A Clip-on Repellent Device Offers Protection Against Aedes aegypti Mosquitoes
By Josh Lancette
With public concern about the Zika virus growing daily, people are looking for effective ways to prevent mosquito bites, and now there’s some good news for the concerned public. According to an article in the Journal of Medical Entomology, a product called the OFF!® Clip-On™ repellent device could be an effective tool for preventing bites from the Aedes aegypti mosquito, the primary vector of Zika, chikungunya, dengue, and yellow fever.
The OFF! Clip-On repels mosquitoes by releasing a vapor form of insecticide — a pyrethroid called metofluthrin — through a battery-powered fan, forming an insecticide “cloud” around the wearer of the device. In order to test the effectiveness of the device, Christopher Bibbs and Rui-De Xue of the Anastasia Mosquito Control District in Florida studied how the device performed against hungry Aedes aegypti mosquitoes. The study was done outdoors in order to replicate real-world conditions.
They found that the OFF! Clip-On caused high mosquito mortality and knockdown rates up to 0.3 meters from the device (“knockdown” is a term used to describe an acute paralysis that knocks the mosquitoes out of the air). While 0.3 meters is not a huge range, it’s enough to protect a single person wearing the device.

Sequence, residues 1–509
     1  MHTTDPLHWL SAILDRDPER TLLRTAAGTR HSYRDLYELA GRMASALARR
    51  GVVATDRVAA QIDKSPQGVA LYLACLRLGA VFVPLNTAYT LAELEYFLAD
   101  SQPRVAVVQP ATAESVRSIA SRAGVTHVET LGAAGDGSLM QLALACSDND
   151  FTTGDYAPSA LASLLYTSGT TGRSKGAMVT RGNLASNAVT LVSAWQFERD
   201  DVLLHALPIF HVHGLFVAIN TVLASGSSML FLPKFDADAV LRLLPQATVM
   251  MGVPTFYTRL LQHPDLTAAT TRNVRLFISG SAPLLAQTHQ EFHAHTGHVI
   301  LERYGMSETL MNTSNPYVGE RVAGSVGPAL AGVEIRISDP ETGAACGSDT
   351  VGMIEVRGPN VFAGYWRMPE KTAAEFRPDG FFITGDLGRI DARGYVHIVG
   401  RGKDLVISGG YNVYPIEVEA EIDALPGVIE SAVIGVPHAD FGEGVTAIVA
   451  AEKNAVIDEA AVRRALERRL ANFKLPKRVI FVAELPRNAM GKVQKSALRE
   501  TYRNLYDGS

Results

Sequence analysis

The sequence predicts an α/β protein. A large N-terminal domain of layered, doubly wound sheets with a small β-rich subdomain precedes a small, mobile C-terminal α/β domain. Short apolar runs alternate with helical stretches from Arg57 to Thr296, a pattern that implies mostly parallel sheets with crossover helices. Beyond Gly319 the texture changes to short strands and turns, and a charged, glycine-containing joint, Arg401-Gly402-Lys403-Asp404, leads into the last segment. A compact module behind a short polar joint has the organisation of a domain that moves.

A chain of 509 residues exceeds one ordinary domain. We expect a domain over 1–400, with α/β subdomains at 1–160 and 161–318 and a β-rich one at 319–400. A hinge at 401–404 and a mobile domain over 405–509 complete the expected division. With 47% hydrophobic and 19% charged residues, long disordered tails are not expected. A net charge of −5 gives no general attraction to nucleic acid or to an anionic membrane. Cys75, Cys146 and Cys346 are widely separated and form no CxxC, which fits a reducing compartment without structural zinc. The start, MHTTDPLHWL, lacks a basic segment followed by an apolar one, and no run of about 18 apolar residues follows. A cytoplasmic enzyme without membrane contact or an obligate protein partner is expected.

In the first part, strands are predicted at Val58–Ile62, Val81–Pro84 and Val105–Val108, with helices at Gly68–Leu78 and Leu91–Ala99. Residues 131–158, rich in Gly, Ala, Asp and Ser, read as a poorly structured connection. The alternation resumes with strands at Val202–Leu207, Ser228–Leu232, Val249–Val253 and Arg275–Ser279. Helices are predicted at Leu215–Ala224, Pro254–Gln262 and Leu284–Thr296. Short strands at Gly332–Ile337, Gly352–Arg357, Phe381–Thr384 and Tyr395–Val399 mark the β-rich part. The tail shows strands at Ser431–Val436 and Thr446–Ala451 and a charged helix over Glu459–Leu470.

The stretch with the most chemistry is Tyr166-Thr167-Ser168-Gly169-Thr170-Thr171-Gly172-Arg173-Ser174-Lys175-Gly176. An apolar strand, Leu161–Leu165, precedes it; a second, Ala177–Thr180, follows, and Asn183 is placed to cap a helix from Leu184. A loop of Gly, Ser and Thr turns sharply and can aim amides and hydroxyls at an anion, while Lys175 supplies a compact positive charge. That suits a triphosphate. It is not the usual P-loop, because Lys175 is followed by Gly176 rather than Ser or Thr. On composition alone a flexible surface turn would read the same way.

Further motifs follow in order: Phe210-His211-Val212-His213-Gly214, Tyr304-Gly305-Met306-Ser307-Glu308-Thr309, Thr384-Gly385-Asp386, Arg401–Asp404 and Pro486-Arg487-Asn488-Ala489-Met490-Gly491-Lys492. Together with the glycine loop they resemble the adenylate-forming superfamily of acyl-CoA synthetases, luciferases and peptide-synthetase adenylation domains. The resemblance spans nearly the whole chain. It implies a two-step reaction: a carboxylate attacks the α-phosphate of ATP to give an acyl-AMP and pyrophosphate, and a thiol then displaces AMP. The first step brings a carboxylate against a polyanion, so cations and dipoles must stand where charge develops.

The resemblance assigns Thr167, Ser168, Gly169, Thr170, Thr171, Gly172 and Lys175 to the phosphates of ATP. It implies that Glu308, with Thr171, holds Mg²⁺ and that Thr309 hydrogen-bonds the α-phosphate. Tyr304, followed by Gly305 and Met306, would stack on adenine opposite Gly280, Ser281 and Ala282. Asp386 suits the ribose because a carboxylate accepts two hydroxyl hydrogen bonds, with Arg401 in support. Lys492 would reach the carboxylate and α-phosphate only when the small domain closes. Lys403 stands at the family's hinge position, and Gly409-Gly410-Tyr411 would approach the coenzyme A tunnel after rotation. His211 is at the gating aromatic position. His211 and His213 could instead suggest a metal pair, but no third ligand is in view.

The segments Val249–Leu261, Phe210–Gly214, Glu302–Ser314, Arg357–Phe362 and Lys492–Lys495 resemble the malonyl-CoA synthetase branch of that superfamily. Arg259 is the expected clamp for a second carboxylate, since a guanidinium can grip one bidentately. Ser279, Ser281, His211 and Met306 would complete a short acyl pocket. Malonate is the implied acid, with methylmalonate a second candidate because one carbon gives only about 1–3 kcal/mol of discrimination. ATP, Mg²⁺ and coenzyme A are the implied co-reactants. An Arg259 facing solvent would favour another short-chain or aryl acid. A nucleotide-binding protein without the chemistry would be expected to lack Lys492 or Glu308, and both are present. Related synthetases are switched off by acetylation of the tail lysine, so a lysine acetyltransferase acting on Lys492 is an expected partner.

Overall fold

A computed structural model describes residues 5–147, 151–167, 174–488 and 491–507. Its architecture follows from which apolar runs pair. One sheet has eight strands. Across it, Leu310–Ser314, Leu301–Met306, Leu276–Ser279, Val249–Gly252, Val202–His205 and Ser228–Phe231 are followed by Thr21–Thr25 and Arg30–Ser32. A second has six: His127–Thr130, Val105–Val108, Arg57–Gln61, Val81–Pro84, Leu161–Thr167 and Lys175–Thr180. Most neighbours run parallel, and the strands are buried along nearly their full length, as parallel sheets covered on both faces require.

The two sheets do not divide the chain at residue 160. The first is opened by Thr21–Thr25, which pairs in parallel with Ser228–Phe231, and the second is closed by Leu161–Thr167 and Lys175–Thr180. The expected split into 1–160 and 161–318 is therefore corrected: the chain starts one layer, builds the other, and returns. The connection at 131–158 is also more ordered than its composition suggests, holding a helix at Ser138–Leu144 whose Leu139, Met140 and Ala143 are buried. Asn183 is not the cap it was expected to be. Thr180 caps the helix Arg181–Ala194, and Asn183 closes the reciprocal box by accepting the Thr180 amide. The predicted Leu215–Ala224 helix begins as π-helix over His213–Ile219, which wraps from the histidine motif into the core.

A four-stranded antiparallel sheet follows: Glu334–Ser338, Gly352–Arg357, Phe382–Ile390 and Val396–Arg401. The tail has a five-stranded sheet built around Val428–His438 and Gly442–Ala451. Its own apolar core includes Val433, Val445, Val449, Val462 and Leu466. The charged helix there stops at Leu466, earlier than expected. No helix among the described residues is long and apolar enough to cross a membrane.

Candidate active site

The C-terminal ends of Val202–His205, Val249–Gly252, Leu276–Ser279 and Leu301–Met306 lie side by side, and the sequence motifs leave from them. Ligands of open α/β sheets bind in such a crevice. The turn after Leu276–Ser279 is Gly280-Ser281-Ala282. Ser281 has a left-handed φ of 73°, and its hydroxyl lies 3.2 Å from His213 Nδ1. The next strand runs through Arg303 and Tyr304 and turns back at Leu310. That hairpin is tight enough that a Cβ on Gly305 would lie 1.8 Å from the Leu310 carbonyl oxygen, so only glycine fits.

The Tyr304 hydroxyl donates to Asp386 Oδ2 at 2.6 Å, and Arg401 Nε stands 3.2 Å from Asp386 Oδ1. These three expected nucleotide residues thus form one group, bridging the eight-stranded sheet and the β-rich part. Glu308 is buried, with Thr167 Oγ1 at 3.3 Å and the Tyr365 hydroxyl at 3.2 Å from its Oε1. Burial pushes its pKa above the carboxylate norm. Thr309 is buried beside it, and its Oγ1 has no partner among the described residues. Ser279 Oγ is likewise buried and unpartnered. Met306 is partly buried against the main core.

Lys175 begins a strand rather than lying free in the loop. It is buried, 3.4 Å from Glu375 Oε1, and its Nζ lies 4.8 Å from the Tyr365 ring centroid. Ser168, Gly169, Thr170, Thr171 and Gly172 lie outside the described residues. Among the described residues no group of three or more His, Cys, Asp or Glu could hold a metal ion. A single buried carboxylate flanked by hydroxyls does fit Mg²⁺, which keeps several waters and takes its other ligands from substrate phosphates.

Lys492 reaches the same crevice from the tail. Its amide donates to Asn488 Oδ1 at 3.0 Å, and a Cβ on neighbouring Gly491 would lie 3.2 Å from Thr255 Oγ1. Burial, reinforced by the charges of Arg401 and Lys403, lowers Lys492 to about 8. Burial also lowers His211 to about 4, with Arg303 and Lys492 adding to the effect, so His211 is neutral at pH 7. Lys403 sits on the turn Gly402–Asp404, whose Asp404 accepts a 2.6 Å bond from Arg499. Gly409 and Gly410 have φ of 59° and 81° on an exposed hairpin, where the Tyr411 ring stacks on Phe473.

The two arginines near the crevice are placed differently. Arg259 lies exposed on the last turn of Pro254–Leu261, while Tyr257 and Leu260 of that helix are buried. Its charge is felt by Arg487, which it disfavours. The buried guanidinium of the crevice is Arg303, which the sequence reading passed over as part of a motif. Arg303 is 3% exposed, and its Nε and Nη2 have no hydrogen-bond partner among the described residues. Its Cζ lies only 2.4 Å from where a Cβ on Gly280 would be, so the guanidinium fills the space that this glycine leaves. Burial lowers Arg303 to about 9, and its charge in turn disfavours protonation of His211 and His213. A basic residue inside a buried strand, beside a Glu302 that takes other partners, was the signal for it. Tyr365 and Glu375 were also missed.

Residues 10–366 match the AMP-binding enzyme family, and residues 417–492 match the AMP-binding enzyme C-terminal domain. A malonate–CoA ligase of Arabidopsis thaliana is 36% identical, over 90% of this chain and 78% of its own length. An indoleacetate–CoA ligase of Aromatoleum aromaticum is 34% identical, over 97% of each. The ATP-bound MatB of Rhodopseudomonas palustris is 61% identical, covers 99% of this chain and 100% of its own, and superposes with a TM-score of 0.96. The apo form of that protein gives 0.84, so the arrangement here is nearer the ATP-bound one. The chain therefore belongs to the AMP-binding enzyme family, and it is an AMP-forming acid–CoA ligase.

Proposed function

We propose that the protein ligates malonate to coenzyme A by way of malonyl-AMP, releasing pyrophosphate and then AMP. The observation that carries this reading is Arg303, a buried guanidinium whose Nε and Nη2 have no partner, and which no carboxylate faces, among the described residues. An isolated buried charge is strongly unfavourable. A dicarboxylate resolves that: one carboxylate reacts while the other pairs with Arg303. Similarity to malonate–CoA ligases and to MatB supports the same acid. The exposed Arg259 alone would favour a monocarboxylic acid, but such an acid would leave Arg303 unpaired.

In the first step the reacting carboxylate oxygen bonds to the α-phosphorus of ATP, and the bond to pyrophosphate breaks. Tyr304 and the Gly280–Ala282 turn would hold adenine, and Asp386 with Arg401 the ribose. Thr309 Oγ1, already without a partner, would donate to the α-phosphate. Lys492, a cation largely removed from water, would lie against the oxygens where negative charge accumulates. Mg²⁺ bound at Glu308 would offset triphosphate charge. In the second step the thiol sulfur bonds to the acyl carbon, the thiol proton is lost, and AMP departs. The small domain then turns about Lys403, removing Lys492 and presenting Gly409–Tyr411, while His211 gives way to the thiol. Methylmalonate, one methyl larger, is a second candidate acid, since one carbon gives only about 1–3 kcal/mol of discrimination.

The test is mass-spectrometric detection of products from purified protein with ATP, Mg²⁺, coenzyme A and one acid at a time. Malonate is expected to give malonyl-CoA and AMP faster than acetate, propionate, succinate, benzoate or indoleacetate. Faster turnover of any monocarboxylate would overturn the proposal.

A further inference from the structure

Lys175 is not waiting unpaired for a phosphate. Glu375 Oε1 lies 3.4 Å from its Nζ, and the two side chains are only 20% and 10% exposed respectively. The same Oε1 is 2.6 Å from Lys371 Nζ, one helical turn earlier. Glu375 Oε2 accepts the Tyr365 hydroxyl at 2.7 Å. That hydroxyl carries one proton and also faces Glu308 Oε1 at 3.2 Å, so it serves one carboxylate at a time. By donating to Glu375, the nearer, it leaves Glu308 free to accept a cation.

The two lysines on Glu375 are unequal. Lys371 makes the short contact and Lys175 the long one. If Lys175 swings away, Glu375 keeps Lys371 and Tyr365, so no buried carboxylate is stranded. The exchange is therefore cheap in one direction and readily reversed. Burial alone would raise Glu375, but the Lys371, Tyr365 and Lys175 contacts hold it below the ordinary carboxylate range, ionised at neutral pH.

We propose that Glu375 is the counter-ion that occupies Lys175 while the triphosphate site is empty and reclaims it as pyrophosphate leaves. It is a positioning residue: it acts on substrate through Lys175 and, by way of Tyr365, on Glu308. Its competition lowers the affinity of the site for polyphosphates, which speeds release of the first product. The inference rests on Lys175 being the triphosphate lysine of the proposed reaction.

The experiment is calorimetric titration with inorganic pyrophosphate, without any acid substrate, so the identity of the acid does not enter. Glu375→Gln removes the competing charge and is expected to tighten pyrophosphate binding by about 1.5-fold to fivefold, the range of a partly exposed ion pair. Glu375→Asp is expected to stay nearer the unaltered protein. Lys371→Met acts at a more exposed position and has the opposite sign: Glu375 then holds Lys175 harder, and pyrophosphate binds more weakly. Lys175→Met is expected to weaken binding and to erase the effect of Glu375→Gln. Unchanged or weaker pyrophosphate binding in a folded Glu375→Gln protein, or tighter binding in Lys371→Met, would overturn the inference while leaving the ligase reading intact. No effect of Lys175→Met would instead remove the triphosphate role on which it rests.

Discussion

The effectiveness of the device came as a pleasant surprise to the researchers.
“In vector control, we see more often than not that tools available for consumers don’t work for the intended purpose,” said Bibbs. “Just look at all the bug zappers, repellent bracelets, sonic bug repellents, and other zany creations that wax and wane in popularity. Skepticism is inherent to the trade. But it was nice for a change of pace that one of these devices could actually do some good.”
However, Bibbs suggested that “repellent” might not be a sufficient term to describe the device because the insecticide cloud didn’t just repel mosquitoes, it actually knocked them down and/or killed them.
“I think “spatial repellent” is a misnomer,” said Bibbs. “In light of the recent evidence, I have taken more to thinking of such devices as ‘vapor active insecticides.’ Mosquitoes tend to be a delicate pest. What that means for us is that the low volume of vapor pushed by the OFF! Clip-On is enough to kill a mosquito that is determined to fly through the little protective cloud.”
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Josh Lancette is Manager of Publications at the Entomological Society of America.